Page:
Henry PURCELL (1659-1695) Dido and Aeneas
Dame Janet Baker (mezzo) – Dido; Patricia Clark (soprano) – Belinda;
Raimund Herincx (baritone) – Aeneas; Monica Sinclair (contralto) – Sorceress;
Eileen Poulter (soprano) - 2nd woman; John Mitchinson (tenor)
– Sailor; Rhianon James and Catherine Wilson (mezzo) – Witches; Dorothy
Dorow (soprano) – Spirit; St Anthony Singers, Thurston Dart (harpsichord),
Terence Weill (cello)
English Chamber Orchestra/Sir Anthony Lewis
The Tempest: Arise, ye subterranean winds*; Halcyon days
Dioclesian: What shall we do?
Jennifer Vyvyan (soprano), Hervey Alan (baritone),*
Philomusica of London/Sir Anthony Lewis
ALTO ALC 1210 [65.45]
This is a justifiably famous recording to which the word ‘legendary’ can properly be applied. There had been a couple of previous issues of the work, including one based on the Mermaid Theatre production of 1952 with Kirsten Flagstad, but this was the first recording to give us the work in a style that Purcell might have recognised. It enshrines one of Dame Janet Baker’s first performances on disc in a role that she made her own, giving us notice that here was a really great singer beginning to emerge into international stardom. There have been many recordings since, including a good many that are more ‘historically informed’, but it remains a superlative milestone nonetheless.
The edition of the score used here is that by Thurston Dart, who also plays the harpsichord continuo. This means that we do not get any interpolations of other music by Purcell to fill in the gap created by some apparently lost music at the end of Act Two. What we are given here is the version as it was presented in 1704, nine years after the composer’s death, and published in 1760 – the earliest score of the opera which we now possess. It treads a median line between the overtly romantic approach adopted by such singers as Kirsten Flagstad, Victoria de los Angeles (with Barbirolli in 1965) and Jessye Norman (with Leppard in 1985) and those many more modern versions which attempt to present the score as it might have been originally given with the modest forces available to Purcell in 1689. Those who want a more authentic Dido will obviously look elsewhere, but they will be hard put to it to find a performance of the title role to match Baker’s. She later re-recorded the opera in 1975 in the edition by Benjamin Britten and Imogen Holst - filling out Purcell’s score with not only additional numbers but also extra details throughout - which limited the scope of her imagination and nowadays sounds old-fashioned when compared with more scholarly editions.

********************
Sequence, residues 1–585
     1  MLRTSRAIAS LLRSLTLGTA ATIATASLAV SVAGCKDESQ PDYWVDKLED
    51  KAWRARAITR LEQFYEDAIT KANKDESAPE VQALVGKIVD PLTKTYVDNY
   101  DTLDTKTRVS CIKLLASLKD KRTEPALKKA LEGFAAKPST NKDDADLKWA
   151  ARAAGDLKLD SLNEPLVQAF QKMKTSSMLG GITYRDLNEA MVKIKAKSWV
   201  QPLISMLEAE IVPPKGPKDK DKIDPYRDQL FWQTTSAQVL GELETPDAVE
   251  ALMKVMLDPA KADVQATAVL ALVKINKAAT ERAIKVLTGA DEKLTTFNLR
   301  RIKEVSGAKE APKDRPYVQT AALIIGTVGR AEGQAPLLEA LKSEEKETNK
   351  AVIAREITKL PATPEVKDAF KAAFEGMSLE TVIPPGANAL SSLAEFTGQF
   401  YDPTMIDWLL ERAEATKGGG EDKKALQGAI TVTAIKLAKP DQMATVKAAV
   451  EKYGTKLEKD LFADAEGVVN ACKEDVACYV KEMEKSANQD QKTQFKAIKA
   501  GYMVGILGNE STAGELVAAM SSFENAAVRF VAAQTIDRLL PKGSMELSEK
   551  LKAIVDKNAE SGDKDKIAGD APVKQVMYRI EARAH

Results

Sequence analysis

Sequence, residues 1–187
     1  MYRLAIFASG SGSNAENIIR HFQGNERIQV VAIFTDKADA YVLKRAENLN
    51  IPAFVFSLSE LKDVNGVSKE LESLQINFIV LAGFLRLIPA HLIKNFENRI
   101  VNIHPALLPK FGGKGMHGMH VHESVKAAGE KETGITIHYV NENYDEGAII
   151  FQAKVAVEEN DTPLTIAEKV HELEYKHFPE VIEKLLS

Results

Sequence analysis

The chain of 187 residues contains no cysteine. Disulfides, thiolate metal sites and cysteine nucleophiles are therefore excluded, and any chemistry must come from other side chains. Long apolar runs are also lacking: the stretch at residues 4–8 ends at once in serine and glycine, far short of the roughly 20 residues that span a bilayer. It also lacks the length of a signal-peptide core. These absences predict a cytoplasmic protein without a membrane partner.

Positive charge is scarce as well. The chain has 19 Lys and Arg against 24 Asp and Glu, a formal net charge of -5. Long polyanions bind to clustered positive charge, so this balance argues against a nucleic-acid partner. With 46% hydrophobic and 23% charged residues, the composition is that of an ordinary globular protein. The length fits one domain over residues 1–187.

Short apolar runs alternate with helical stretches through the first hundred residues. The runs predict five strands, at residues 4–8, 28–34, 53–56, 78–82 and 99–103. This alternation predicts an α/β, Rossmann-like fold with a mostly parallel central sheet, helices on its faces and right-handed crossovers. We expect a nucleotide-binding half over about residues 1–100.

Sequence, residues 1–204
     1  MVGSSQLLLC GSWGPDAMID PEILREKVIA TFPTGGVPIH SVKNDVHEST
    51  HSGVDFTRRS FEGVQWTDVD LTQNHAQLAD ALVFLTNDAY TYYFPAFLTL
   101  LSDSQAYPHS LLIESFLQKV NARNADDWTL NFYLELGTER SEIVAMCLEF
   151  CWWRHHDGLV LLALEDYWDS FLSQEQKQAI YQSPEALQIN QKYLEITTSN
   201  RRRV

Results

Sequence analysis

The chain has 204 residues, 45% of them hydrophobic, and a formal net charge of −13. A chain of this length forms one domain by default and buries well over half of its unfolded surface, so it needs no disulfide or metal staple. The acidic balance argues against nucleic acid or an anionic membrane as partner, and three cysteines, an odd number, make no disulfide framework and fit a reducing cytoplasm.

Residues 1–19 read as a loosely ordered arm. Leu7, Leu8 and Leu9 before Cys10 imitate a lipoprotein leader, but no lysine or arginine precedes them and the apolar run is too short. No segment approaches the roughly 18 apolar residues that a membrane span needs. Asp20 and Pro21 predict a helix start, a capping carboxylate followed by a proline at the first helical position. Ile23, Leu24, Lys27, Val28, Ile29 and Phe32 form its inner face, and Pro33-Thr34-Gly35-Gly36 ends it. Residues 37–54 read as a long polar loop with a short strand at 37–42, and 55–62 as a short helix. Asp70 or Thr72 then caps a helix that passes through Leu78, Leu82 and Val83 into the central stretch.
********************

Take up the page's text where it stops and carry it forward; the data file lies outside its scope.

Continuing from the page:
The performance here is not absolutely perfect. Raimund Herincx is a rather blustery Aeneas – preferable to the unsteady Peter Pears on Baker’s later recording – although he shades his voice nicely at the end of Act Two. Monica Sinclair is way over the top as the Sorceress, producing a real cardboard villainess. Then again this may well be the way that Purcell wanted the music to be performed, and many ‘authentic’ performances go even further in the same direction. John Mitchinson, a future heldentenor in the making, is really very good as the Sailor in his one number. Patricia Clark, if not really distinctive, makes a nice impression as Belinda.
This set really stands on the basis of Baker’s Dido and she is marvellous. At several points she employs her white vibrato-less pianissimo which became her trademark in many later recordings, and of which she alone held the key; quivering with repressed emotion, achingly beautiful and sustained on an almost imperceptible sliver of breath. She is a real woman in love, richly romantic in tone but never stepping outside the parameters of baroque style. Purcell would have loved her.
This recording has already been reissued by Decca in 2000 as part of their Legends series, without the bonus tracks we have here. Presumably this new release has been transferred from original LP copies since the original recordings are now out of copyright. I have not been able to compare properly the relative quality of the CD transfers but the Alto disc sounds fine and full-bodied and certainly as good as the Decca version as available online. I have in the past sometimes commented unfavourably on the booklet notes provided by Alto. I am pleased to be able to report that the notes here by James Murray are comprehensive and informative. We don’t have the text but that is an omission that is easily rectified. All lovers of this opera should have Baker’s performance of Dido, and this is an excellent and cheap way to acquire it.
Paul Corfield Godfrey